After a decade of similar hits, Symantec's revenues topped $500 million, and startups were courting Schlein with CEO jobs. Instead, he decided to scratch his venture itch and throw in with Doerr, who had been on Symantec's board. (It also helped that Kleiner Perkins co-founder Brook Byers was the brother of the man who'd hired Schlein at Symantec.)
Doerr calls Schlein, a former high school wrestler, "an amazing player-coach. There's no more competitive, aggressive, determined, effective and reliable partner to have in the venture business."
While Doerr is a billionaire who consorts with presidents, Schlein avoids the spotlight. He guards details about his wife of 20 years and two children, and uses a sailboat metaphor to describe his relationship with Doerr: "If John's the mainsail," he said, "I'm the keel. I make sure we stay balanced while John's out there in front."
Colleagues say that even keel steadied the firm through the turmoil of the still-pending Pao lawsuit. Last month, Kleiner lost a bid in the California Court of Appeal in San Francisco to force Pao to move her sex-discrimination claims to arbitration, which would have spared the firm a potentially embarrassing public trial. Of the suit, Schlein will say only: "It's unfortunate. It's also completely meritless."
He holds forth more freely on those who carp about investments Kleiner has lost to other firms.
"We missed Facebook; guess what, most of the venture firms in Silicon Valley didn't do Facebook," he said. "But we did Flipboard, we did Chegg, we did Waze. All you can do is control what you can control, which is make great investments and build great companies."
The firm also hired former Internet analyst Mary Meeker two years ago to run a $1 billion "growth fund" that lets Kleiner buy into late-stage startups. Some outsiders question the approach, noting that late investors in a private company pay a much higher price than those in the early rounds.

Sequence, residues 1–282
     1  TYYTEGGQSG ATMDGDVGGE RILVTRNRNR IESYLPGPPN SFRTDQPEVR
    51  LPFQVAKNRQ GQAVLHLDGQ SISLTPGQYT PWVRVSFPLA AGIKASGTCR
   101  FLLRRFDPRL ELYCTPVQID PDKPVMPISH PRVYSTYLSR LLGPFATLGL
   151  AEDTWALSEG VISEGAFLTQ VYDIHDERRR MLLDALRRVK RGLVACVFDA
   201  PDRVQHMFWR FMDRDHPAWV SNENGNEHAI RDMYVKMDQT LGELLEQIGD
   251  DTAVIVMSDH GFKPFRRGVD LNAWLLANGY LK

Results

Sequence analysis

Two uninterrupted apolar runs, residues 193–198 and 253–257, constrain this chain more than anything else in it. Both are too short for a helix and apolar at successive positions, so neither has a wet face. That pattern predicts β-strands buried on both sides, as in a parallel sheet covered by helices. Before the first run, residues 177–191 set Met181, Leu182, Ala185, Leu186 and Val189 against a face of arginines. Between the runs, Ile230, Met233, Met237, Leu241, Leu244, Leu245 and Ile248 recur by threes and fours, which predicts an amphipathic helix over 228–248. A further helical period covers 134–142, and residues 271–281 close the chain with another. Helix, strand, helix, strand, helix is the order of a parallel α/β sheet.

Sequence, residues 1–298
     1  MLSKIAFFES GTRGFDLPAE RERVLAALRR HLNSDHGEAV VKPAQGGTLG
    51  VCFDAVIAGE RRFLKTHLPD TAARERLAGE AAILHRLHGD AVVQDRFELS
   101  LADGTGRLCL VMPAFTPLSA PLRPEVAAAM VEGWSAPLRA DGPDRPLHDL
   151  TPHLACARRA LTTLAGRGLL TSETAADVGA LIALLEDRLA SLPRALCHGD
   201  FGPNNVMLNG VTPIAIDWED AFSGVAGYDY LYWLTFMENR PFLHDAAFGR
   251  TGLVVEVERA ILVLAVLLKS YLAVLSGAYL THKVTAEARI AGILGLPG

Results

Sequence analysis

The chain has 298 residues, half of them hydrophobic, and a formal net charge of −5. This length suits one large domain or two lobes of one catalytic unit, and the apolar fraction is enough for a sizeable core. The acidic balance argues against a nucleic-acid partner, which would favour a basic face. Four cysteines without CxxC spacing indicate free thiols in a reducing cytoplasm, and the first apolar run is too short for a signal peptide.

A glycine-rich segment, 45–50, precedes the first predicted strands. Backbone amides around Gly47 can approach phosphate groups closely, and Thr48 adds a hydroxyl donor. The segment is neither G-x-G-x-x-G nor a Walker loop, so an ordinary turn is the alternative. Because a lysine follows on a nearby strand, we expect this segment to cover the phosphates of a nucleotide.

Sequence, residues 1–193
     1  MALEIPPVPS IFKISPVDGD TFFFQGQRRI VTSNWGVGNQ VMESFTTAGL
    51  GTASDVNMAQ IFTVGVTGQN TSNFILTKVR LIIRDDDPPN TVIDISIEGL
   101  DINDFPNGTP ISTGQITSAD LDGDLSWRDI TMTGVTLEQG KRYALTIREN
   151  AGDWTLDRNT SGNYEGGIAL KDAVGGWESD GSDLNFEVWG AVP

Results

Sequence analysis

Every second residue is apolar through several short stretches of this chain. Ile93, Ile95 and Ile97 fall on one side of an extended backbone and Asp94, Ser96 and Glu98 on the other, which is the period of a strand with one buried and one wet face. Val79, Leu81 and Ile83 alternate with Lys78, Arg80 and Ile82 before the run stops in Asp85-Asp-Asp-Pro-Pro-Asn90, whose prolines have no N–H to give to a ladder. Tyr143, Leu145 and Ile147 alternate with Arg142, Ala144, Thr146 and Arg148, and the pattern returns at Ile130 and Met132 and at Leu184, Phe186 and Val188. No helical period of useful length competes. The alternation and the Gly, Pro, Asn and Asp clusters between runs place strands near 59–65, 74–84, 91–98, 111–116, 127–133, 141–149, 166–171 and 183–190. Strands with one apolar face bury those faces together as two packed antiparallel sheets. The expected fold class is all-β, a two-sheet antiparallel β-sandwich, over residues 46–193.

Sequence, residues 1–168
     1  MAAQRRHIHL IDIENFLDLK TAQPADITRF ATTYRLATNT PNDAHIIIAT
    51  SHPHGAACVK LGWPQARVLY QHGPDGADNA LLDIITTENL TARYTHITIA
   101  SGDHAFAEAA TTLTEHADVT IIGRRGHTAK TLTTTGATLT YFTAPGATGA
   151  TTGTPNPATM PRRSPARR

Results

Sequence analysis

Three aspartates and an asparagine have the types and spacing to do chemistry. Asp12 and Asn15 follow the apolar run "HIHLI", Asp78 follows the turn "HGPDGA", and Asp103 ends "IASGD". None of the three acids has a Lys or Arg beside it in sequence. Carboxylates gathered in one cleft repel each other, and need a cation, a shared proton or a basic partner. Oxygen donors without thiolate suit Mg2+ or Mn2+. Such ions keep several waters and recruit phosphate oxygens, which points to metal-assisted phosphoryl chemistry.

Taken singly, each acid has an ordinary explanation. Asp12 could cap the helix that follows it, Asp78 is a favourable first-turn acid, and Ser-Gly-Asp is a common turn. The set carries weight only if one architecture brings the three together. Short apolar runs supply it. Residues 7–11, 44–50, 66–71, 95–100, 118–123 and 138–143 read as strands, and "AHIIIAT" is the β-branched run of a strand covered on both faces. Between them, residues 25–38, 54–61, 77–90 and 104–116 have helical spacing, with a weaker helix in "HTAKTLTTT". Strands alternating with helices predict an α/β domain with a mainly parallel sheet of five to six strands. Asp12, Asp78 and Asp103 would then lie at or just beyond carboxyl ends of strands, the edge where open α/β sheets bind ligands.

But Schlein is confident it will pay off.
"We wrote our single biggest check in the history of the partnership to Twitter, and we're going to make a good return," he said. "Would we have made a bigger return had we done the Series A or B? Sure. We're not going to get them all."
Like many venture firms, Kleiner also has narrowed its cleantech strategy, which it had initially seen as a new source of home-run deals like those it scored in the dot-com era. "We learned the hard way," Schlein said. Now the firm is eschewing capital-intensive green industries such as solar power.
Sequoia's Goetz said Schlein has no illusions about the challenges facing Kleiner. And he believes the recent personnel changes his friend and rival has helped usher in are already paying dividends.
"There's star power usually associated with Kleiner," Goetz said. "Now they're leaning aggressively toward youth, toward ambition. They've fielded their strongest digital team, in my view, in a decade."
"Venture firms, to have longevity, have to always be thinking about generational transition," Schlein said, crediting that to Kleiner's 40-year tenure.
"There are some firms that might be 'in' now, and then they're not," he added. "You'll be back 'in' as soon as you have your next hit."
Contact Peter Delevett at 408-271-3638. Follow him at Twitter.com/mercwiretap.
Because his father was an Apple board member, Schlein showed up for college in 1982 with a state-of-the-art Apple II and laser printer. He started a business offering other students word-processing and printing services.
He's involved with a group, Students Matter, that's suing California in hopes of improving public education.
With his father and sister, he owns an organic Napa vineyard whose winemaker previously ran Francis Ford Coppola's winery.
A cybersecurity expert, he's a board trustee of In-Q-Tel, the CIA's venture capital firm.
His biggest investment wins include Fortify Software, which Schlein conceived of and incubated within Kleiner Perkins and which Hewlett-Packard bought for $300 million. His biggest miss was Wineshopper.com, an online retailer into which Kleiner poured millions of dollars before it went bankrupt.